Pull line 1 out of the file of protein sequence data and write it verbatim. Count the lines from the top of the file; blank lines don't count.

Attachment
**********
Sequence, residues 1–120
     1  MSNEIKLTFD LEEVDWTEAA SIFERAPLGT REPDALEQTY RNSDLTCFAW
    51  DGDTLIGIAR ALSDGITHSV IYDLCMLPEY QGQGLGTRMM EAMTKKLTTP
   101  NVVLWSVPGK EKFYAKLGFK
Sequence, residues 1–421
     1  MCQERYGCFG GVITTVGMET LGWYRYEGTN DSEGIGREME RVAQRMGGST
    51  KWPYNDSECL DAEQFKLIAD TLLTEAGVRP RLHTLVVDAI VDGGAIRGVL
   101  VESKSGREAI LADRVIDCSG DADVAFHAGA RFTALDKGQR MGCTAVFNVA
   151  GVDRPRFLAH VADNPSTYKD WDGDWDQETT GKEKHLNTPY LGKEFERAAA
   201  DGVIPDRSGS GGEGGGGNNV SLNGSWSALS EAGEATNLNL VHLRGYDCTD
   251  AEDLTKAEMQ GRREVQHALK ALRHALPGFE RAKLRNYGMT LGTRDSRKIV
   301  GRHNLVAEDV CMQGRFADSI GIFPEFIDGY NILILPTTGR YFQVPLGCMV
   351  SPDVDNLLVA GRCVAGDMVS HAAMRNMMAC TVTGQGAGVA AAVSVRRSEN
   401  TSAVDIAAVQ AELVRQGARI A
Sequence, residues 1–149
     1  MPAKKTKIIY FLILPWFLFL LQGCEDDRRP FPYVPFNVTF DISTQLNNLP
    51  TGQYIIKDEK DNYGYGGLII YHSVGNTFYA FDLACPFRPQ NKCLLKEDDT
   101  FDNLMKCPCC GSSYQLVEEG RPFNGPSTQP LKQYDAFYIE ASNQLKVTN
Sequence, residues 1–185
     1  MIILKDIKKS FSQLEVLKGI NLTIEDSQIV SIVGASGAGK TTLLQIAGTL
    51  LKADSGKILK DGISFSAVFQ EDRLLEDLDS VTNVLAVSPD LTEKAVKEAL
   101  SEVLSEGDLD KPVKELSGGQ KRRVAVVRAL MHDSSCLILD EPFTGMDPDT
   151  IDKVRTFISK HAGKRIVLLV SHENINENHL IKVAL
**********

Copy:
Sequence, residues 1–120